COME FAST TO BE FIRST FOR Dresses Skirts Don't Miss It! Blouses y 3 0|( Raincoats
innocent victim s u r r o u n d e d by a hoard of men. If n e v e r before, they realized t h e m a n - p o w e r s h o r t a g e was a t a n end. Maybe the men t h o u g h t t h e y ' d f o u n d the f j u n t a i n of youth, who k n o w s ? Besides t h e r a i n , d a r k n e s s had descended ( a s i d e f r o m the red lant e r n t h a t k e e p s a p p e a r i n g on our c a m p u s ) in Voorhees Hall until d e a r Uncle Bud and Un?Ic Cavy c a m e to the rescue with the f u s e s , and sent t h e jubilant boys to bed. And so a b o u t the hour of twelve it became s o m e w h a t qu!et — well, somewhere it m u s t have!
Coll 2 6 6 4
" I t isn't m i n i n g rain, it's r a i n i n g violeto" — o r t s i t ? Well, ask a n y one f r o m Van Vleck, Voorhees, or w h e r e v e r you live, who a t t e n d e d the big " s h o w e r " a t Zwemer Hall last T h u r s d a y ! I've h e a r d a b o u t showers b e f o r e ( o n l y in n!ce ways, of course) but it w a s a r a t h e r ins i s t e n t g r o u p of e n t e r t a i n e r s t h a t assisted,- o r shall' we say more literally carried m e m b e r s of t h e w e a k e r ( ? ) sox t o visit Zwemer'a f a i r h a l K It w a s really quite a battle. They s a y it took e i g h t men to m a n e a u v e r J e a n Watson into position. More p o w e r to you, J e a n ! I g u e s s the f a i r sex isn't so weak a f t e r all, is it, b o y s ? Most Zwemer Hallites, o t h e r t h a n the P r e - S e m s t u d e n t s on m a r c h i n g d u t y , of course, m u s t have had a busy evening r u s h i n g in and out f h e i r rooms to join the reception line. Upon e n t r a n c e , I u n d e r s t a n d they rushed to t u r n on the w a t e r to just the right temperature - a cold cold, t h a t is, and then raised t h e i r voices to hail the unconquered victim. To t h i n k they didn't even provide an u m b r e l l a for such rainy weather! They say the g i r l s s t a r t e d it, of course, but I do know of many an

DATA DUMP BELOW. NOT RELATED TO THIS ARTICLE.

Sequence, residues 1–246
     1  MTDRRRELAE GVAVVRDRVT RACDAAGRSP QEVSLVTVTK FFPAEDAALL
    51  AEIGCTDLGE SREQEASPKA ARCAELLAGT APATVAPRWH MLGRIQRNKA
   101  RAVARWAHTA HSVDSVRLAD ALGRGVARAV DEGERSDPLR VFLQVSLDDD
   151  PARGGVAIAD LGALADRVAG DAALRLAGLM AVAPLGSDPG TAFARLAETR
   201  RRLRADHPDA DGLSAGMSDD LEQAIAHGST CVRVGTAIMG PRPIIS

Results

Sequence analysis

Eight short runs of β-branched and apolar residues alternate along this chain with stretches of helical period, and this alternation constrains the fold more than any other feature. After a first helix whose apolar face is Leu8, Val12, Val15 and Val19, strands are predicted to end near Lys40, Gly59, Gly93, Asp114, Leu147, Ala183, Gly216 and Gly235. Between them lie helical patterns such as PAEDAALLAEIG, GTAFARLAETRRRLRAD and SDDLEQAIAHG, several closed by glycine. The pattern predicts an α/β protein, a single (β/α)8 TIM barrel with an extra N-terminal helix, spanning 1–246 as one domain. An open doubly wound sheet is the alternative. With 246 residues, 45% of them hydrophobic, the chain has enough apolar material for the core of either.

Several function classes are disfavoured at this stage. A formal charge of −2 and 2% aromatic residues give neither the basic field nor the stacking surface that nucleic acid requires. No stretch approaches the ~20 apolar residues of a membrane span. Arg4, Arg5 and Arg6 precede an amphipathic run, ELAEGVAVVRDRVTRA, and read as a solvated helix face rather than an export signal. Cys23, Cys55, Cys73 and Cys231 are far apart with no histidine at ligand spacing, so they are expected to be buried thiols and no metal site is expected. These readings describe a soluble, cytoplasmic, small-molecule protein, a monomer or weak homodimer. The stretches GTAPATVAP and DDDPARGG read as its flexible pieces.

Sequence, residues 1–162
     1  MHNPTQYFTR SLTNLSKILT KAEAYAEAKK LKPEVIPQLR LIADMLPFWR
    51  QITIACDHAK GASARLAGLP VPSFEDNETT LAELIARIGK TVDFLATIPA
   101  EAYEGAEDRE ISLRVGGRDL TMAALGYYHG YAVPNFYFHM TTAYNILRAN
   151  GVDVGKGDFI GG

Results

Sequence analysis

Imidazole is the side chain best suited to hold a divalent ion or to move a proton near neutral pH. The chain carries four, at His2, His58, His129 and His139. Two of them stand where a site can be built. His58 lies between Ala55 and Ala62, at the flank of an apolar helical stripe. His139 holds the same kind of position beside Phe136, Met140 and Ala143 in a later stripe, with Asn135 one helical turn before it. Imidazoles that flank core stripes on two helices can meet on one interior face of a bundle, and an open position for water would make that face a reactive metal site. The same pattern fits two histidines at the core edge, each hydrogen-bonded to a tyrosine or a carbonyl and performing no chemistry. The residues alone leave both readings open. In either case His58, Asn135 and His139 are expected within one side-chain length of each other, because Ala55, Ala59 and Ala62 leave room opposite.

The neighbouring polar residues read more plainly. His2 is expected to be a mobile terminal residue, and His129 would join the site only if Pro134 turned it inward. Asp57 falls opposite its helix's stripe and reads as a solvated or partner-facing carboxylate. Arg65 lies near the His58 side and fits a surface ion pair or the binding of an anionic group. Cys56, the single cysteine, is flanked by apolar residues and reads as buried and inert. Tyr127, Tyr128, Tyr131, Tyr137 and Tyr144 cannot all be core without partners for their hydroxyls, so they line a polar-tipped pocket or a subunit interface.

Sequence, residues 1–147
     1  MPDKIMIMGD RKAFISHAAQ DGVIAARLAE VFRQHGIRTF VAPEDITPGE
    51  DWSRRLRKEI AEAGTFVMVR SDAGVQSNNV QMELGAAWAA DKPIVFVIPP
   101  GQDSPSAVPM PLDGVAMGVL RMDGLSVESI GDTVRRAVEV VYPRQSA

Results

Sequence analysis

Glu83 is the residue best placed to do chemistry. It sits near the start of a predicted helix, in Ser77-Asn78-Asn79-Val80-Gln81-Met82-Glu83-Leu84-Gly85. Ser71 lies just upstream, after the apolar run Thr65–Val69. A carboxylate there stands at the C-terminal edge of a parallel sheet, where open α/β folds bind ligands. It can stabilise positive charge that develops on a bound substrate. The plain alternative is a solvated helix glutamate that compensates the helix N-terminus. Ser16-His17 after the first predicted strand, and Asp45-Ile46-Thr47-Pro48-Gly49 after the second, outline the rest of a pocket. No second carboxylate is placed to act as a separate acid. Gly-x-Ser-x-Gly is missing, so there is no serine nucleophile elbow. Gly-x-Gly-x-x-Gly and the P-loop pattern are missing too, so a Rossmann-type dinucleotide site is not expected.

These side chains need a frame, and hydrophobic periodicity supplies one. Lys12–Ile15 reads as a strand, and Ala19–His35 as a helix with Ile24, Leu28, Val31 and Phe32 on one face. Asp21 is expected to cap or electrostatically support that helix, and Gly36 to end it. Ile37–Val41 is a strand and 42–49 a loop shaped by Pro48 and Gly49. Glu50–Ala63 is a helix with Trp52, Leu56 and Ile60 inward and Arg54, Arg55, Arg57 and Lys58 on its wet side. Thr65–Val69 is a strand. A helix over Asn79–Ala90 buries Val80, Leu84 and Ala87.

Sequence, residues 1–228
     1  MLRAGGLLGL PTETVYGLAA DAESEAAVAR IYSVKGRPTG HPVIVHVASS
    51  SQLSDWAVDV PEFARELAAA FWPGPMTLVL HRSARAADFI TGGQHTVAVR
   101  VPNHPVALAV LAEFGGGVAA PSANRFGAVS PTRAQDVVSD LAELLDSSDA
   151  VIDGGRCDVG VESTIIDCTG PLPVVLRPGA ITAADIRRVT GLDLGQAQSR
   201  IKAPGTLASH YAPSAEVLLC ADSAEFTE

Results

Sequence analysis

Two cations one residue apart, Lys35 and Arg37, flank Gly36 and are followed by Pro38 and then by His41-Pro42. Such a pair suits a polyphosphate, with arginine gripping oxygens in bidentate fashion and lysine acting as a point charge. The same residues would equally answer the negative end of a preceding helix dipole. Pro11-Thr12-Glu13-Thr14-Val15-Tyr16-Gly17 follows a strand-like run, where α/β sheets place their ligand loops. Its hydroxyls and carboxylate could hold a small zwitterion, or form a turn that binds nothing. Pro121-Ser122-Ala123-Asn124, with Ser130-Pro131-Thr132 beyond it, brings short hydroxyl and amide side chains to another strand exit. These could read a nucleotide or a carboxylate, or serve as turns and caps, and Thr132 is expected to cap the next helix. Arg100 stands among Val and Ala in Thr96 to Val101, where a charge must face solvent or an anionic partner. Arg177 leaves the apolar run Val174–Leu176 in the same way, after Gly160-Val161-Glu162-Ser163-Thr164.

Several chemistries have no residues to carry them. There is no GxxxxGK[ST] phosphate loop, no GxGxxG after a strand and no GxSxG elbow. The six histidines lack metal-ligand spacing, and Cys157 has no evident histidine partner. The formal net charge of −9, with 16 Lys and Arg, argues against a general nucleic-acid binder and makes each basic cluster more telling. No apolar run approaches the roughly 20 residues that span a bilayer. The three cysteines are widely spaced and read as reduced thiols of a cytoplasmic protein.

ROSE BEAUTY SHOPPE 7 H West Sth Street
/ Hope College Anchor
Now everyone knows about the pull, (too had f o r us, Frosh, but the Sophs have to admit that we put up a great fight and our men. super sports t h a t they were, took the drenching like old timers) the parade, the pep rally, the game, and the supper, but not everyone knows the inside dope about openhouse.
m u Bt r
Ah, Homecoming!!! The blissful eventful week-end has c o m e ' a n d gone. And what a week-end!!! Packed, jammed full of excitement, sorrows, and joys.
On The Bonnie Banks
ALLEN VALLEAU I shall never f o r g e t the brjlliant emerald t h a t glided past the Queen Elizabeth as we eased up the Firth of Clyde thaV sunny afternoon. Neither will I f o r g e t my first glimpse of Glasgow and Edinburgh even though it did come from the windows of a troop train bearing us away f r o m the Queen Elizabeth and to ne^r. ad ventures. From, the f i r s t I resolved t h a t if ever I was fortunate enough to have a f u r l o u g h I would did anything the books could say. spend it in this area. A year later, a f t e r hearing many enthusiastic J u s t ask Phyl Voss and Harriet reports of this "furlough-land," my opportunity came. Hains, they know all about it. My "furlough headquarters" was established at the Red Cross Club " T " Barracks and Zwemer Hall on Sauchiehall Street. Double deck t r a m s proved to be a means of joined together in a verbal ( ? ) conveyance I could not resist, especially one of their streamlined, raid on all the dorms. Some poor soundproof cars. By this means I explored much of Glasgow. As a senior gal in Voorhees, trying to trolley enthusiast I was determined to see the oldest under-river public study f o r a Bible test kept moam subway and this proved to be no disappointment. All of the Scottish Ing the song, "When the Lights trainmen were very friendly and more than willing to answer the Go On Again All Over the Dorm," questions of an inquisitive Yank. while the boys in the court kept dancing "The Water Barrel Polka." "The rains came" and I spent the afternoon in the city museum Don Evers at the Switch led the browsing amongst large displays of Industry an crystalography. This boys in a small chorus, "The Wind day also called for a visit to the University of Glasgow where I was and the Rain in My Hair." General Invited to wander about the campus. In a modern chemistry building census of opinion — they were all I watched some students Identifying their "twelve unknowns" and wet. observed that they go about It much as we here In America. Co-eds